I'm reading a book right now called, Think Like a Freak, and currently I'm in a chapter titled, How to persuade people who don't want to be persuaded. It's my favorite chapter of the book so far because the title's sort of at the core of who we are as Hub City Church. It should really be a guiding pursuit of anyone who calls themselves a follower of Jesus.

One of their profound pieces of advice is to keep the insults to yourself. The authors say, Have we mentioned that name-calling is a really bad idea if you wish to persuade someone who doesn't want to be persuaded?

Reading that I'm sure you're saying to yourself, "Well, duh."

But even though this seems like common sense we're constantly putting down, insulting, or name-calling those who think/believe/act/behave differently than us. We say things that further the divide of us vs. them.

So how's that working for you?

Maybe there's a better way to persuade others who don't want to be persuaded. Instead of name-calling we need a strategy that has as it's foundation respect and dignity. We need a strategy that prioritizes relationship. 

If you call yourself a Christian, that's the exact strategy your heavenly father used to persuade you. Maybe we should all follow his example.

Friday, September 26, 2014


A good soundtrack can make or break a movie. Epic movies have an equally epic soundtrack.

What's interesting about a soundtrack, however, is that most of the time we don't even know it's there, but it's there, and it's impacting how we feel and perceive what's going on around us.

But soundtracks aren't just for movies. We all have a soundtrack playing in the background of our lives. Too many of us have the wrong soundtrack.

Join us at Hub City Church this Sunday as we kick off a new series called Soundtrack. 10 AM - Spartan 16 Movie Theater.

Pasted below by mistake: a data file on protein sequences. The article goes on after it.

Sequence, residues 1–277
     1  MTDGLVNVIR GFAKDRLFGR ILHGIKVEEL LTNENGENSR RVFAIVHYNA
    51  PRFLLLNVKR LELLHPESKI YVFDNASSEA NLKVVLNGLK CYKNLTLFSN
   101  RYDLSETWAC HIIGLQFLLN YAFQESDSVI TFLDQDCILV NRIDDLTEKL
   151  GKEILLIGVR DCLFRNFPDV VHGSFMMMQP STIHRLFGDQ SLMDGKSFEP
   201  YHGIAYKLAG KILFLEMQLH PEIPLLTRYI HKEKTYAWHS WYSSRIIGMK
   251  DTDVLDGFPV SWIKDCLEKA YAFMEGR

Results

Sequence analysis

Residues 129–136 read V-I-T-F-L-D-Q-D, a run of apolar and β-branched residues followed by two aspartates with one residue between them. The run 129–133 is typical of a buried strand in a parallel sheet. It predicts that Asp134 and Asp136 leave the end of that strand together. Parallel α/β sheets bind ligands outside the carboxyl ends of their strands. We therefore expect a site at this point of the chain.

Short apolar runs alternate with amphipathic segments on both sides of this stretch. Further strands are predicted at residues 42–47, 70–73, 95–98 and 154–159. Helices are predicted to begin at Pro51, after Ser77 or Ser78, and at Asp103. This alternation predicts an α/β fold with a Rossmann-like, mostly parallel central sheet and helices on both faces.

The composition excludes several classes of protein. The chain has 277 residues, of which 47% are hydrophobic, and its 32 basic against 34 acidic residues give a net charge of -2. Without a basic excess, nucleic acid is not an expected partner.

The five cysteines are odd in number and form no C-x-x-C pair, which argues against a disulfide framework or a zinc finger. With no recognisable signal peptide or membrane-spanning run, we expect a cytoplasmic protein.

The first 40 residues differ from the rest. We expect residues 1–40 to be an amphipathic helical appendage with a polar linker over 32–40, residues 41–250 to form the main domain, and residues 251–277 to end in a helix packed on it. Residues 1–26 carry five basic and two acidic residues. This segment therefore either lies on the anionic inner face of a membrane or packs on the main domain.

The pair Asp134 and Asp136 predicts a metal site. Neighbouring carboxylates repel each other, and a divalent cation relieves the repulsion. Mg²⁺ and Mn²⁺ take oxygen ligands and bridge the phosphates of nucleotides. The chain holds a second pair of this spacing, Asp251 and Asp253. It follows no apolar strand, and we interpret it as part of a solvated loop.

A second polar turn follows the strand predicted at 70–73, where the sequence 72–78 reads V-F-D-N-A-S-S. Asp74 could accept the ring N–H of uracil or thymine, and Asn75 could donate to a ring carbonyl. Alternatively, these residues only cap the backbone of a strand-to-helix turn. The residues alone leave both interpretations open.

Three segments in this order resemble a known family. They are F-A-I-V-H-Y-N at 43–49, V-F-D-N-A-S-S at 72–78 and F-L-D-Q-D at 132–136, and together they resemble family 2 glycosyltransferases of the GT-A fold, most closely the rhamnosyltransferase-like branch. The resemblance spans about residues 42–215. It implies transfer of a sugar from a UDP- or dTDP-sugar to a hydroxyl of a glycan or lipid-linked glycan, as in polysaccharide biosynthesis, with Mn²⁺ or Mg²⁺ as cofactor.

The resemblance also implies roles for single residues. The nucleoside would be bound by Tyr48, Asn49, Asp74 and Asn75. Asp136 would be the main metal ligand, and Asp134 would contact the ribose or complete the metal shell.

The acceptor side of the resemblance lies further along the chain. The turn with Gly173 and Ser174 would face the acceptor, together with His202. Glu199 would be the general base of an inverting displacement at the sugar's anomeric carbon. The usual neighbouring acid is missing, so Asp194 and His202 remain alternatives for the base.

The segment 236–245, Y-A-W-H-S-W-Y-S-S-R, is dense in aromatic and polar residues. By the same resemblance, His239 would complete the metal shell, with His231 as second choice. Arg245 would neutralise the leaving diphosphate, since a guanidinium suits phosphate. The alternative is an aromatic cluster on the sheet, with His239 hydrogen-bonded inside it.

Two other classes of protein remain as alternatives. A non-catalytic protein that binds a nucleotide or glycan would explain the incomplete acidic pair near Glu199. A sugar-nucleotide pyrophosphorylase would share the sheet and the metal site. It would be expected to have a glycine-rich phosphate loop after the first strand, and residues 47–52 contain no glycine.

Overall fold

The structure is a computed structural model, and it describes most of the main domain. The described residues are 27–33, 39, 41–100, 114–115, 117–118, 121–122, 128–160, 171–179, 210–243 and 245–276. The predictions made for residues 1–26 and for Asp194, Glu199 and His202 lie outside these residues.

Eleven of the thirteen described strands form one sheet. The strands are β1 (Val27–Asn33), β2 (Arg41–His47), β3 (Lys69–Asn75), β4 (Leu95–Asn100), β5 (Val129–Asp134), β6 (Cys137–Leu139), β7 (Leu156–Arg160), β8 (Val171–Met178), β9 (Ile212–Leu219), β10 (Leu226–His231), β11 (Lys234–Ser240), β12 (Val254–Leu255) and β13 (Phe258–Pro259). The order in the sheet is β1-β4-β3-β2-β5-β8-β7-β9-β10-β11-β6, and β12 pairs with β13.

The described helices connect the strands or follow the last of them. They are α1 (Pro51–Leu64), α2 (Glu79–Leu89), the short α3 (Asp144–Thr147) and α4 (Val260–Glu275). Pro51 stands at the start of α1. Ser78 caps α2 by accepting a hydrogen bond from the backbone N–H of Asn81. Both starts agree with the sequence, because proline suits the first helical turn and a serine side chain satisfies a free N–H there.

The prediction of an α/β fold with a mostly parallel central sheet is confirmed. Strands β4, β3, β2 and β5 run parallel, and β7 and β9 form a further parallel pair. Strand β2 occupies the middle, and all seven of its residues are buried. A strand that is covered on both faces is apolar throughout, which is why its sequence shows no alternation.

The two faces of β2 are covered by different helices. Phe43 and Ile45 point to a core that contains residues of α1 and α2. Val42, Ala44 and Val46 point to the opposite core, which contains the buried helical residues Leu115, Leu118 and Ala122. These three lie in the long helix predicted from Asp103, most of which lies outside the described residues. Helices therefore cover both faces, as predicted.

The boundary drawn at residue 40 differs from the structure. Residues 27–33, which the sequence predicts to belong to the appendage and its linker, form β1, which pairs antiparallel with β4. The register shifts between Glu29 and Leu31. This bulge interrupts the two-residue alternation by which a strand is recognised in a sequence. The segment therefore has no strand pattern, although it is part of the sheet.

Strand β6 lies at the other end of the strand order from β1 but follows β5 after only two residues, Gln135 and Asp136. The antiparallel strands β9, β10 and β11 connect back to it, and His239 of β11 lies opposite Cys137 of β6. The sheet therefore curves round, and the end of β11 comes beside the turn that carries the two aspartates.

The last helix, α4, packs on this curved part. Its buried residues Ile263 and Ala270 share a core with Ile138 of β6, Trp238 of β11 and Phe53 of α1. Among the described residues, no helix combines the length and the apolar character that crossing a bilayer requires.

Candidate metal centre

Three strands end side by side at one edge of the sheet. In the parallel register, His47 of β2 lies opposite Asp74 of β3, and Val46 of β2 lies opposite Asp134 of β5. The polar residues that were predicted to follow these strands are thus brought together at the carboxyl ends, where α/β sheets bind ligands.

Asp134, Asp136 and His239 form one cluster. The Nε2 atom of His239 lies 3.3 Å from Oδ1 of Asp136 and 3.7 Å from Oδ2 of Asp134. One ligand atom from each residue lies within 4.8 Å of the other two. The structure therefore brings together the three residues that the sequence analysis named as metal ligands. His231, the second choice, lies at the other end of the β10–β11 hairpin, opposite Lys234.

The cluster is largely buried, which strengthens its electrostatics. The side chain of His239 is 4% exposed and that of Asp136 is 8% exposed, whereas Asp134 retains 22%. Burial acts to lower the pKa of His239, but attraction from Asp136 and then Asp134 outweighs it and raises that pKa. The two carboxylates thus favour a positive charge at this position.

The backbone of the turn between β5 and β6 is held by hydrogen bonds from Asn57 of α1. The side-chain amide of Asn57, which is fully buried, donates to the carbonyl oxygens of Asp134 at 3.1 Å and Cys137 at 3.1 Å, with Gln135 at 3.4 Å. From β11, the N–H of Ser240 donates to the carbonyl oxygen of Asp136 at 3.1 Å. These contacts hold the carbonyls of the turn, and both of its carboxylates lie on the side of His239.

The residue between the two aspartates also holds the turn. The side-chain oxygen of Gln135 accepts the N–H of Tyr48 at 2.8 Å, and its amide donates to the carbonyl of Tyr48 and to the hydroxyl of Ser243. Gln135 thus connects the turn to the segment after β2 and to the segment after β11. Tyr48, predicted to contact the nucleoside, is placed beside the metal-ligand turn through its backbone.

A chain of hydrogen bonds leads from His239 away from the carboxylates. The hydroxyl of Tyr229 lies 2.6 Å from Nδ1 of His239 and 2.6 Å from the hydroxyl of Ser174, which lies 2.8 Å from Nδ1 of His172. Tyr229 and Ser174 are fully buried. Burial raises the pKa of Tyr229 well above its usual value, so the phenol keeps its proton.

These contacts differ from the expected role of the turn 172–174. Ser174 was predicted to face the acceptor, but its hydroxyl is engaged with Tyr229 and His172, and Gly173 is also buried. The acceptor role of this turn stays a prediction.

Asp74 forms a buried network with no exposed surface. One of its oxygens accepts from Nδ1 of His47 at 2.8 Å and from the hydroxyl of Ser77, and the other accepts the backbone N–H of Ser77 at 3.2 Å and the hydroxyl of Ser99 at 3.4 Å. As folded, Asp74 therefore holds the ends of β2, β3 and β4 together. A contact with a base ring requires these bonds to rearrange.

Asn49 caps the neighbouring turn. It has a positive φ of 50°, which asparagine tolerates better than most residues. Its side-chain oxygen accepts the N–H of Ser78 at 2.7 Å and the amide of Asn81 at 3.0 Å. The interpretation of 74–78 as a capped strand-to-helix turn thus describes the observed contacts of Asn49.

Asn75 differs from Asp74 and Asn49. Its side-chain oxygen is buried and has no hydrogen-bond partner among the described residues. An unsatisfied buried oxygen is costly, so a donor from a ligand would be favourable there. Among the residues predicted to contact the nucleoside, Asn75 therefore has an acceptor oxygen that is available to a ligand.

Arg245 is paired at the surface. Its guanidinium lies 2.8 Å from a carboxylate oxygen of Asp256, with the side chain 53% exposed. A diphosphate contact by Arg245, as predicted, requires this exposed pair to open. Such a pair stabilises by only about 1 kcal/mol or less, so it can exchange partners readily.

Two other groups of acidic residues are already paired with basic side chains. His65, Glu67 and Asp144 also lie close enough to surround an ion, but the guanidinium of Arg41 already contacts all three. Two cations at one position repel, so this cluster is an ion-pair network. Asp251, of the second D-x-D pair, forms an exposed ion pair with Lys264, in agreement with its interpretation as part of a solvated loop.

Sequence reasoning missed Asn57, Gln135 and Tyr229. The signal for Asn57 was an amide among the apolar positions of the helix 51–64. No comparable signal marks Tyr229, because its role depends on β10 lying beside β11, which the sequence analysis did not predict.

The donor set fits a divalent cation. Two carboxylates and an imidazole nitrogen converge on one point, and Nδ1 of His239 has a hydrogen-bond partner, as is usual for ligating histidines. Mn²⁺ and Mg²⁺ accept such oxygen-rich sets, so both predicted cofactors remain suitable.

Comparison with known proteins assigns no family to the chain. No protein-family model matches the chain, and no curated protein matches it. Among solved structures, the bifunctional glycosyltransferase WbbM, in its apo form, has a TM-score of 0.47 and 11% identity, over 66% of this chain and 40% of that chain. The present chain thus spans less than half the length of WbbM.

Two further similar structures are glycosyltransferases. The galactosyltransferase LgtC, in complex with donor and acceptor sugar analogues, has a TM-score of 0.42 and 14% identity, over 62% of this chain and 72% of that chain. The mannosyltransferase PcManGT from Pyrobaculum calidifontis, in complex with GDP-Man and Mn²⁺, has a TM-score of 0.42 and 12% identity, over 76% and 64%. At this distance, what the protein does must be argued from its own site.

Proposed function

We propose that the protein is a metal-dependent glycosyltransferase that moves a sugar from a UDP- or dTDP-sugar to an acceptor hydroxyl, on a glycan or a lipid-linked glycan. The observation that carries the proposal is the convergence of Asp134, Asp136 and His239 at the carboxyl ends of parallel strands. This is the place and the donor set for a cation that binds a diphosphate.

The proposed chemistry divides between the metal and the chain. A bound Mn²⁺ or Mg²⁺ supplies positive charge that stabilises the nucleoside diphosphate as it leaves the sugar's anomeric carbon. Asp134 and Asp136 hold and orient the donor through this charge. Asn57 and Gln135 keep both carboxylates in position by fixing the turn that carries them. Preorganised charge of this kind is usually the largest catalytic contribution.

Thursday, September 25, 2014

One thing that will exponentially improve your quality of life

What if I were to tell you that you could do one thing that has the potential to exponentially improve your quality of life and that it won't cost you a dime?

You might say I was crazy. And while there may be merit to that statement it wouldn't take away from the truth that I believe one habit, practiced regularly, can exponentially improve your quality of life.

What is that habit? 

It's the habit of gratitude.

Being thankful, saying "thank you," isn't just for kids. It really is a habit that could exponentially improve your quality of life.

Don't believe me?

Try it out for a week. And to help you get started I've included a short little article by Casey Graham. It was written to church leaders, but it has benefits for all of us. 

Read it and then practice gratitude.

If you're at all like me, it's easier to be ungrateful than it is to be thankful—it's just our natural bent to be that way.
Practicing gratitude is a bit of a challenge. Why? Because it requires effort. It's NOT what comes naturally.
In a recent team meeting, we talked about the proactive practice of gratitude. We were reflecting on this comment by Chris Tomlin:
"When we practice gratitude and begin dwelling on the goodness of God, and how He's blessed us, that gratitude purges all the negativity in us."
On that note, here are 9 thoughts on gratitude I hope you find encouraging:
1. The more you grow, the more you should thank. Why?